Finkernagel Ross, the London and Hamburg based architects and interior designers, has given a traditional Victorian terraced property situated in West London a dramatic and unobstructed new space at the rear of the property, maximising views of the garden and bathing the new interior with sunlight.
Having lived in their home within the Wandsworth Common Conservation Area for many years, and unsuccessfully been through the process of re-thinking the way their home worked before, Finkernagel Ross’ clients were clear in what they wanted: a razor-sharp, unobstructed, contemporary new space that contrasted from their traditional Victorian home, dramatic ceiling heights, accompanied by an abundance of natural light.
“It’s a space that looks fairly simple, but in reality, is anything but. Our client wished for a striking focal point to their rear back extension. Various iterations led to a design which appears to float and leaves many questioning how it was achieved,” explained Finkernagel Ross Director, Catherine Finkernagel.
To achieve the extremely challenging unobstructed part of the brief Finkernagel Ross worked in close collaboration with Structural Engineers, SD Structures, sketching and modelling ways in which they could support the extraordinarily long first floor closet wing extension above, so that the clients could have a space below which was completely free of columns.
The resulting solution required not one, but two, structural cantilevers, which offer no visible structure in the space below. Instead, the hovering first floor extension has been accentuated by being wrapped with glass, in order to let the light flood in. Both the side and rear outrigger walls at ground level were replaced with a double cantilever steel structure, nearly 9m long by 3m wide, which supports the upper outrigger levels and a fully glazed roof at ground floor.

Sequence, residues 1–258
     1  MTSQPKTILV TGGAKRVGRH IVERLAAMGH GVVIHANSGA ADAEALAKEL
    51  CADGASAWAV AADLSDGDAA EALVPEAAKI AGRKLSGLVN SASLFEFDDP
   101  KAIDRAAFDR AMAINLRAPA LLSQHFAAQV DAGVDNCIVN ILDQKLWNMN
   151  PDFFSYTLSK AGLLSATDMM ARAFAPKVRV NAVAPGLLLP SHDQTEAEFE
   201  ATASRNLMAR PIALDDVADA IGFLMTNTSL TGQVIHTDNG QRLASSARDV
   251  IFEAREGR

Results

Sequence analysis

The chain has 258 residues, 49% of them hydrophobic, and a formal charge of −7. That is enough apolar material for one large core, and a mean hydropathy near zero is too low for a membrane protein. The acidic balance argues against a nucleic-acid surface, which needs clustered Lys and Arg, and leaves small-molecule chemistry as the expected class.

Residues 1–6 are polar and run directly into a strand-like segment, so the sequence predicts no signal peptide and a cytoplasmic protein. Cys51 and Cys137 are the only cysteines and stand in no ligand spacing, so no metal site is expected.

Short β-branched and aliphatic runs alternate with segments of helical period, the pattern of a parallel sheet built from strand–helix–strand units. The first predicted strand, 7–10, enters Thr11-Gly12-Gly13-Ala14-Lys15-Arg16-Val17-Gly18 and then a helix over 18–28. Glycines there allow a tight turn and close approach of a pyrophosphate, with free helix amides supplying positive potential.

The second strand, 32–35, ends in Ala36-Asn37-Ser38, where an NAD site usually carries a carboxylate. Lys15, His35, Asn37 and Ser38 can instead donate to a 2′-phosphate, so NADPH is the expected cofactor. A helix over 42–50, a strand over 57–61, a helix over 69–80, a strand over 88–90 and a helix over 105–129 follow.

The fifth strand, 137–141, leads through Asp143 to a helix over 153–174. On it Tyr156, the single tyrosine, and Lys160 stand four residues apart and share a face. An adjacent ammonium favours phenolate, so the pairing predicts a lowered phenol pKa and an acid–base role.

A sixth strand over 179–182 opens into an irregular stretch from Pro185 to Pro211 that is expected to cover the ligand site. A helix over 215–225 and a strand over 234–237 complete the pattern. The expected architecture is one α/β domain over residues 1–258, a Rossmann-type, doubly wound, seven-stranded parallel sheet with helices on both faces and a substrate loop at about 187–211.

The cantilever structure required careful detailing with the steel beams concealed using brick slips, and provides a seamless support to the glazed roof without any visible structure resulting in the glass appearing to pass through the brickwork. The steelwork to the front and rear of the cantilevered structure provides framing to the perimeter of the glazing, allowing the centrepiece of the double cantilever to float surrounded by a sea of transparency.
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